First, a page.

He Could Play Too

  • Yes, he was noble, and he looked great and he married Marilyn Monroe. But first he played baseball, and it's for what he did on the field that Joe DiMaggio should be remembered. His career, like so many in baseball, can best be divined by a sequence of numbers. First, and most famous, is 56. But several others matter as well: 61, 16, 9, 369, .89, 457, 3, and 13.

    56, 61 and 16
    Accomplishment is a wonderful thing; consistency is as well. And the merger of the two, expressed in DiMaggio's 56-game hitting streak in 1941, yields the one unbreachable hitting record in baseball. In the nearly six decades since it was established, no one has come within 11 games of it. Was the streak a fluke? Not if you go back to 1933, when the 18-year-old DiMaggio, playing in the extremely competitive Pacific Coast League, hit safely in 61 straight games. Or look past that unfortunate day in Cleveland when third baseman Ken Keltner smothered two torpedoes off DiMaggio's bat and ended the 1941 run: the next day DiMaggio began to unspool another, 16-game streak. Hitting safely in 56 straight games is a miracle; hitting safely in 72 out of 73 is an expression of consistent mastery.

    The number of World Series winners he played on. The great Yankee teams of 1936-1939 and 1949-1951 (not to mention the ones of '41 and '47) had one thing in common, and that thing was out in center field every day. For all the individual glory that baseball celebrates, it remains a team sport, and the core of those teams was DiMaggio. His fans worshipped him; his teammates merely asked in their prayers every night that God watch over him.

    During the three seasons from 1958 to 1960, Mickey Mantle struck out 371 times. Reggie Jackson flailed in vain 313 times in two seasons. It is almost always part of the slugger's makeup, the monstrous whiff as companion to the mighty blast. But DiMaggio's relation to a pitched ball was as intimate as it was brutal. In his entire career he struck out only 369 times--this while hitting 361 home runs. During the magical 1941 season, he had 30 home runs, 13 strikeouts. (There are single weeks when modern sluggers strike out 13 times.) From his spread-legged stance, his twisting follow-through, the absolute balance of his swing, he devised a precision of attack unmatched in baseball history--a baseball smart bomb, as deadly as it was efficient.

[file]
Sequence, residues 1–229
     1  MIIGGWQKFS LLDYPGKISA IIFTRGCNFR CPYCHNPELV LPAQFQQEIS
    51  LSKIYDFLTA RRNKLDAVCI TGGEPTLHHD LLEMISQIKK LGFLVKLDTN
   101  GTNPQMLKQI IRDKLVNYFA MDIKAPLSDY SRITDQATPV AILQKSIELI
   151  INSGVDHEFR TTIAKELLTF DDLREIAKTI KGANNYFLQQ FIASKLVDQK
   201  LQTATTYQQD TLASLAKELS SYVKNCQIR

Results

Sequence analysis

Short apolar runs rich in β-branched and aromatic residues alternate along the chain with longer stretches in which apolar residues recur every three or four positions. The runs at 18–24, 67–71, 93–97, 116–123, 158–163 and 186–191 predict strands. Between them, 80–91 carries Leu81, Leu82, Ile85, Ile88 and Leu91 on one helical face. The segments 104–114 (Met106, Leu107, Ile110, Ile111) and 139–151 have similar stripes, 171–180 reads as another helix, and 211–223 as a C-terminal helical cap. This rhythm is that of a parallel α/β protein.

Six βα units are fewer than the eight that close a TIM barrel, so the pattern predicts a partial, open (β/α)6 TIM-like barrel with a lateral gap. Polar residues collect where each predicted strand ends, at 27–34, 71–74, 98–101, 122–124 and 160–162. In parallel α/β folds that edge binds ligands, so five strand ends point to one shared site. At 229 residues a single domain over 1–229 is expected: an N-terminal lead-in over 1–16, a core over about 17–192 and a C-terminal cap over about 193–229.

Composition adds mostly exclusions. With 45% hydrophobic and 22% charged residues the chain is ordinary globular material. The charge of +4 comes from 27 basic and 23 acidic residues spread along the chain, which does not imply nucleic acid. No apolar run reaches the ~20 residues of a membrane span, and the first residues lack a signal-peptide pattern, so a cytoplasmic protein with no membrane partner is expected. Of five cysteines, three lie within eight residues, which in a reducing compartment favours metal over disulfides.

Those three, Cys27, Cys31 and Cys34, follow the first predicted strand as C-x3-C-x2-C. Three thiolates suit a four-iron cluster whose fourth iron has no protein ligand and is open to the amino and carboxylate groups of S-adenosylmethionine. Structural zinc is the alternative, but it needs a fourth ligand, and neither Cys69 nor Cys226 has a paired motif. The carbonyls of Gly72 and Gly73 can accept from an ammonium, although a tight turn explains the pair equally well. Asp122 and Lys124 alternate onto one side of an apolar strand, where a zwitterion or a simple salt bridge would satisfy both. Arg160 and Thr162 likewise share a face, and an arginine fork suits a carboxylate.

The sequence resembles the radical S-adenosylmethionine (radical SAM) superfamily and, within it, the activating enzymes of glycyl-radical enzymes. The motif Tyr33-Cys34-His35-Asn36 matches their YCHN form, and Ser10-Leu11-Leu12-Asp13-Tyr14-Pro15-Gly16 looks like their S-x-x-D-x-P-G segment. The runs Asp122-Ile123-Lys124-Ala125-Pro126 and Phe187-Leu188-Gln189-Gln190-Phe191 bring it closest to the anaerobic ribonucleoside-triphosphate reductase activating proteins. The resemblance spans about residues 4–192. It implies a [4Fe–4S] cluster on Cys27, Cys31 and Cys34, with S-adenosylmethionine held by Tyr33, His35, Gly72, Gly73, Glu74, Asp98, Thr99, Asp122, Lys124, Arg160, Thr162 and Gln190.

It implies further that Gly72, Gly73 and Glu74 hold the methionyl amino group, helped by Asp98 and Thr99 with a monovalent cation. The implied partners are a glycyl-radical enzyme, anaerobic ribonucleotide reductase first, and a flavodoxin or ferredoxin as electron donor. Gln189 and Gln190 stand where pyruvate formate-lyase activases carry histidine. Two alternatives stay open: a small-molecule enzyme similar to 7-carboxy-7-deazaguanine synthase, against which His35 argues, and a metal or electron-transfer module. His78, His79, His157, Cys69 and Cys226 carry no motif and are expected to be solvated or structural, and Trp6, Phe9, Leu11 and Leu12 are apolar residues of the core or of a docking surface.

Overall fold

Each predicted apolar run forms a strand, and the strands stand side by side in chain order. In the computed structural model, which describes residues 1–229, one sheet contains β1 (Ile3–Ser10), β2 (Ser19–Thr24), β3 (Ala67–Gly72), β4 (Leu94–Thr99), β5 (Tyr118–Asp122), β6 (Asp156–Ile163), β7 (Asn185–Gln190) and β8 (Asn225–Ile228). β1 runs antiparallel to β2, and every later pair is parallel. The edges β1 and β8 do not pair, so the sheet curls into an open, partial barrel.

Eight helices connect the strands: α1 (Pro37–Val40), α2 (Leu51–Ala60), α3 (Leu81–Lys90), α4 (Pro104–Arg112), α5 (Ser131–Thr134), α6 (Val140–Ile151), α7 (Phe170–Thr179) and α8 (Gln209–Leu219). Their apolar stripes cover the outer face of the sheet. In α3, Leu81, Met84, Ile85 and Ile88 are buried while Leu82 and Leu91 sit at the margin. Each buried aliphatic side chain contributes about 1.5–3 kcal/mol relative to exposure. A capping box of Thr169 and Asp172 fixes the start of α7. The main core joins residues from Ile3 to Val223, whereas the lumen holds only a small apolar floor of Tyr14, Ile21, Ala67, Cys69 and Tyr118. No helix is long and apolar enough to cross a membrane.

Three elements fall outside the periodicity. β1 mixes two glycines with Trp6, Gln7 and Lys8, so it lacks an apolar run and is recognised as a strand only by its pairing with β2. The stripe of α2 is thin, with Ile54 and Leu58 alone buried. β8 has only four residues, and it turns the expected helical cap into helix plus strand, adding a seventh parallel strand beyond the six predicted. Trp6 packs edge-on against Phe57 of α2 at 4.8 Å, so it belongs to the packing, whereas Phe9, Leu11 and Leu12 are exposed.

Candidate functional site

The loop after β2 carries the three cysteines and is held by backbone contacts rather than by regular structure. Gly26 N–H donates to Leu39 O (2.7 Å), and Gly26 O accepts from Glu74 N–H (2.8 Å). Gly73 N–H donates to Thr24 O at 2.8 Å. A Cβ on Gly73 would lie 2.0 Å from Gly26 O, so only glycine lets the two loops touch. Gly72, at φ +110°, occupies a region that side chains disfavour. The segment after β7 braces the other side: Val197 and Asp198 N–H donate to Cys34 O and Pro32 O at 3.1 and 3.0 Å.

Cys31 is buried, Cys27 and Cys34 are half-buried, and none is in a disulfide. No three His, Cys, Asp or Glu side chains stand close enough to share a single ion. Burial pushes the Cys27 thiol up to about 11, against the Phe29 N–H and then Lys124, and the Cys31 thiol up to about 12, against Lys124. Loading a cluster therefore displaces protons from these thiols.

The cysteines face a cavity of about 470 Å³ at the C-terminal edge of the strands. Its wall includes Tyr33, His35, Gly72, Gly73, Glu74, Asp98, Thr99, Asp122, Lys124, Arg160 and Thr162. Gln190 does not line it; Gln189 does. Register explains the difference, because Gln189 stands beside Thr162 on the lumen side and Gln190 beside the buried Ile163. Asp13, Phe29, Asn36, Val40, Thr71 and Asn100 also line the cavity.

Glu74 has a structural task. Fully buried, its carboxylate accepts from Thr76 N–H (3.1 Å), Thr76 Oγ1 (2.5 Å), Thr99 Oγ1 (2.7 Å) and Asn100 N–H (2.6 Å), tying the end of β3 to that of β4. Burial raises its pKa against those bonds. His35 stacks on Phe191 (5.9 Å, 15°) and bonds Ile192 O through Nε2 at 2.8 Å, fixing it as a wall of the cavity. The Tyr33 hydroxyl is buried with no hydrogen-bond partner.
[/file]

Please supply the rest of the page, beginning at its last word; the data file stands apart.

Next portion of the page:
Perhaps the best measure of a hitter is not his batting average but his run production. DiMaggio batted "only" .325 over his career, but he batted in nearly a run per game--the third highest average this century, after Lou Gehrig's and Hank Greenberg's. DiMaggio delivered more runs per game than Babe Ruth; more than Ted Williams; 27% more than Hank Aaron.

    Only 361 home runs? Forget about his ability to hit for average as well as power. Forget that at DiMaggio's retirement, only four men had ever hit as many home runs. Focus instead on those three large numerals inscribed on the left-center-field wall in Yankee Stadium when DiMaggio played there--4 5 7--denoting the preposterous footage from home plate to the seats. For a right-handed power hitter, it marked the outer limits of a place where potential homers went to die. No right-handed Yankee hit nearly as many home runs as DiMaggio until the fences were moved in, years after he retired. Had he hit as many at home as he did on the road, he would've had 426 home runs--for a per-season average nearly identical to Aaron's.

    The seasons he missed to serve in the Army. Like Williams, with whom he was eternally yoked at the center of the Boston-New York rivalry, DiMaggio saw the heart of his career cut out by the sharp edge of war. From ages 28 to 30, he was awol from the thing he did best, at the time of life when he probably could have done it better than ever.

    Finally, his tenure in the majors--a scant 13 sunlit seasons before repeated injuries rendered him unable to play as he had before. This might be the statistic that most reveals DiMaggio's greatness, for it tells us he was blessed with that rarest of athletic gifts: knowing when it was time to leave. He simply would not let the world see him play in a diminished state. Instead, he left us with the image--and the record--of someone who very nearly achieved perfection.